Results from this laboratory suggest that the stress-related neurohormone, corticotropin-releasing factor (CRF) serves as a neurotransmitter in the noradrenergic nucleus locus coeruleus (LC). Clinical studies suggest that CRF is hypersecreted in depression. Because depression is characterized by both neuroendocrine and biogenic amine dysfunctions, the effects of CRF hypersecretion on biogenic amine dysfunctions, the effects of CRF hypersecretion on biogenic amine nuclei (i.e., the LC) may be a link between these dysfunctions in depression and may be a common target of action for the mechanism of antidepressants. The hypotheses of this proposal are that CRF hypersecretion in depression results in altered LC discharge characteristics and that antidepressant treatments prevent this by interfering with CRF neurotransmission in the LC. This could occur by: 1) Pharmacologic antagonism of CRF; 2) Functional antagonism of CRF; or 3) Attenuation of CRF release. Supporting this, progress made during the previous funding period demonstrated that 4 pharmacologically distinct antidepressants share the potential to interfere with CRF neurotransmission in the LC after chronic administration. Sertraline and phenelzine altered LC sensory-evoked discharge in a manner opposite to CRF, suggesting that they could functionally antagonize CRF. Desmethylimipramine and mianserin attenuated stress-elicited CRF-dependent LC activation, suggesting that they attenuate CRF release. The proposed Aims will further test the hypotheses: 1) Determine whether other antidepressant treatments interfere with CRF neurotransmission in the LC in anesthetized rats. Previous studies of acute and chronic antidepressant effects on LC spontaneous discharge, LC sensory-evoked discharge, LC activation by CRF, and LC activation by a stressor which requires CRF release will be extended to include other antidepressants and electroconvulsive shock; 2) Extend previous studies of the acute and chronic effects of antidepressants on LC spontaneous discharge, sensory-evoked discharge, activation by CRF and activation by stress to unanesthetized rats. LC spontaneous discharge, auditory-evoked discharge, activation by CRF and activation by hemodynamic or noise stress will be recorded and compared in unanesthetized rats administered antidepressants or vehicle; 3) Characterize LC discharge and the effects of antidepressants in models of CRF hypersecretion. CRF hypersecretion will be mimicked by adrenalectomy, chronic stress, and chronic i.c.v. administration of CRF. The effects of these manipulations on LC spontaneous and sensory- evoked discharge, and the ability of antidepressants to reverse these effects will be determined; and 4) Investigate possible mechanisms by which antidepressants interfere with CRF neurotransmission in the LC by elucidating their site of action. It will be determined whether antidepressants act within the LC or on LC afferents to produce effects that interfere with CRF function in the LC. The proposed studies will help elucidate neurotransmitter pathology in depression, mechanisms of action of antidepressant treatments, and interactions between neuroendocrine and catecholamine systems.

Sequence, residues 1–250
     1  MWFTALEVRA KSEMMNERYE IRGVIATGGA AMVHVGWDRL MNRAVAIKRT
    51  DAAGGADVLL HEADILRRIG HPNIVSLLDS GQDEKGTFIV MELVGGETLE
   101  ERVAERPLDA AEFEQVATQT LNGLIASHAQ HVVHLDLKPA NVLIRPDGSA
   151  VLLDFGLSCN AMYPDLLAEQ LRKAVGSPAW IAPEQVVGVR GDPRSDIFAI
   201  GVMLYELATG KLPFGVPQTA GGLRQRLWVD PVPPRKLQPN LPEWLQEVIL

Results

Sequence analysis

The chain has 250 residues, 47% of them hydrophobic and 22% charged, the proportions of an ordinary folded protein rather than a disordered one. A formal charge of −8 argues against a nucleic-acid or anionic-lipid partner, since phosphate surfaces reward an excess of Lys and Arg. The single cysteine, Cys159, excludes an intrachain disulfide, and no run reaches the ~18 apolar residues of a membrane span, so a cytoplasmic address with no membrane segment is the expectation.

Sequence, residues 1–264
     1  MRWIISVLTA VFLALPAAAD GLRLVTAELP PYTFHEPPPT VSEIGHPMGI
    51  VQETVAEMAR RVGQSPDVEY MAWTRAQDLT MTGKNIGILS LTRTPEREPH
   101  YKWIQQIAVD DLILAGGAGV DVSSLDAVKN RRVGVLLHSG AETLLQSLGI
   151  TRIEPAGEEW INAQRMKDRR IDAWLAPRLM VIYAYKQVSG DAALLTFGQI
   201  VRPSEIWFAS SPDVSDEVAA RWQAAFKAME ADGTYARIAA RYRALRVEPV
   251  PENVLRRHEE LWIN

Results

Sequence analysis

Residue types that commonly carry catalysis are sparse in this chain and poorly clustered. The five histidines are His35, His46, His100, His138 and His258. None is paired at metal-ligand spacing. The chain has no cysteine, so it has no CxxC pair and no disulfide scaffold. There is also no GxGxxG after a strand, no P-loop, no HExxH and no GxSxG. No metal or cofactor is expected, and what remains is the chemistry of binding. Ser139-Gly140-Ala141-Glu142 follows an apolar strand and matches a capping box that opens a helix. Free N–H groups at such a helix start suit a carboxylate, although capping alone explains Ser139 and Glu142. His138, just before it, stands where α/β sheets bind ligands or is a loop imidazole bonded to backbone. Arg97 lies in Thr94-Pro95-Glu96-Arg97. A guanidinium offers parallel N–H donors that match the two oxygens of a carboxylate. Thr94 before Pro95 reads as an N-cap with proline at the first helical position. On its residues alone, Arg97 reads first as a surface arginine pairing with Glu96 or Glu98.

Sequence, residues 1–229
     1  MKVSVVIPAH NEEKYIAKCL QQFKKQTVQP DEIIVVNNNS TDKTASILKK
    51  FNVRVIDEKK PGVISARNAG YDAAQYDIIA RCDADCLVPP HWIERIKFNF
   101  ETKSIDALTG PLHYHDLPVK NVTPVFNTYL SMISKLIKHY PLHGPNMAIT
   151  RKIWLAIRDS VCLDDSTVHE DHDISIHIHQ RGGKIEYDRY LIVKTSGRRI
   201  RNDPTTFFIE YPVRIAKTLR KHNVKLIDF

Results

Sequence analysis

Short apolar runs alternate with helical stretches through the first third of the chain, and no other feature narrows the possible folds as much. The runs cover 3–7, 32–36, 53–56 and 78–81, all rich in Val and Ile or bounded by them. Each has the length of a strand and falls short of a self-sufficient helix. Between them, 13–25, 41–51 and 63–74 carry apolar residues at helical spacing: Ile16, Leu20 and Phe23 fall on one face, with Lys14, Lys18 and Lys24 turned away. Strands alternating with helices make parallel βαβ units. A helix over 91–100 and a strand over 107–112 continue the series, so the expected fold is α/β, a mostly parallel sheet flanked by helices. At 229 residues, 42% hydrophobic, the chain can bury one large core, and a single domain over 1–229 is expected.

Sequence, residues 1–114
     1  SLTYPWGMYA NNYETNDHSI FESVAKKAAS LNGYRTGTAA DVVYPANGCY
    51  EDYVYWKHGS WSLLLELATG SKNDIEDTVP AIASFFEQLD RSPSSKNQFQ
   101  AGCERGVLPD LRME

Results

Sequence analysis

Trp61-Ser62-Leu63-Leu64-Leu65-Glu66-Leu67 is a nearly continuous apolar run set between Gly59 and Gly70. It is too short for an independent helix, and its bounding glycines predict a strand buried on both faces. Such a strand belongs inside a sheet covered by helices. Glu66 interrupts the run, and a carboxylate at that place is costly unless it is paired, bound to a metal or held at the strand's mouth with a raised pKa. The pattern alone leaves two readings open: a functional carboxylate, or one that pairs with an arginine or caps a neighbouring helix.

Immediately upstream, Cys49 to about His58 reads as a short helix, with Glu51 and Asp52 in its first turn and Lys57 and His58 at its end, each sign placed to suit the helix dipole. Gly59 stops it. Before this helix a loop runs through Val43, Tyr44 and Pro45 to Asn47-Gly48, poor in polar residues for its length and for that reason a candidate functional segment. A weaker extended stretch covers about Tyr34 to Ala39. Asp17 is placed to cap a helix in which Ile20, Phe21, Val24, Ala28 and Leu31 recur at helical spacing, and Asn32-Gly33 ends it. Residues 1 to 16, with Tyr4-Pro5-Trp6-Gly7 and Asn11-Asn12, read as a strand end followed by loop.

National Institute of Health (NIH)
National Institute of Mental Health (NIMH)
Research Project (R01)
Project #
Application #
Study Section
Neuropharmacology and Neurochemistry Review Committee (NPNC)
Project Start
Project End
Budget Start
Budget End
Support Year
Fiscal Year
Total Cost
Indirect Cost
Allegheny University of Health Sciences
Schools of Medicine
United States
Zip Code
Curtis, A L; Pavcovich, L A; Valentino, R J (1999) Long-term regulation of locus ceruleus sensitivity to corticotropin-releasing factor by swim stress. J Pharmacol Exp Ther 289:1211-9
Lechner, S M; Valentino, R J (1999) Glucocorticoid receptor-immunoreactivity in corticotrophin-releasing factor afferents to the locus coeruleus. Brain Res 816:17-28
Pavcovich, L A; Valentino, R J (1997) Regulation of a putative neurotransmitter effect of corticotropin-releasing factor: effects of adrenalectomy. J Neurosci 17:401-8
Lechner, S M; Curtis, A L; Brons, R et al. (1997) Locus coeruleus activation by colon distention: role of corticotropin-releasing factor and excitatory amino acids. Brain Res 756:114-24
Valentino, R J; Chen, S; Zhu, Y et al. (1996) Evidence for divergent projections to the brain noradrenergic system and the spinal parasympathetic system from Barrington's nucleus. Brain Res 732:1-15
Curtis, A L; Pavcovich, L A; Grigoriadis, D E et al. (1995) Previous stress alters corticotropin-releasing factor neurotransmission in the locus coeruleus. Neuroscience 65:541-50
Pavcovich, L A; Valentino, R J (1995) Central regulation of micturition in the rat the corticotropin-releasing hormone from Barrington's nucleus. Neurosci Lett 196:185-8
Curtis, A L; Grigoriadis, D E; Page, M E et al. (1994) Pharmacological comparison of two corticotropin-releasing factor antagonists: in vivo and in vitro studies. J Pharmacol Exp Ther 268:359-65
Valentino, R J; Foote, S L; Page, M E (1993) The locus coeruleus as a site for integrating corticotropin-releasing factor and noradrenergic mediation of stress responses. Ann N Y Acad Sci 697:173-88
Curtis, A L; Drolet, G; Valentino, R J (1993) Hemodynamic stress activates locus coeruleus neurons of unanesthetized rats. Brain Res Bull 31:737-44

Showing the most recent 10 out of 21 publications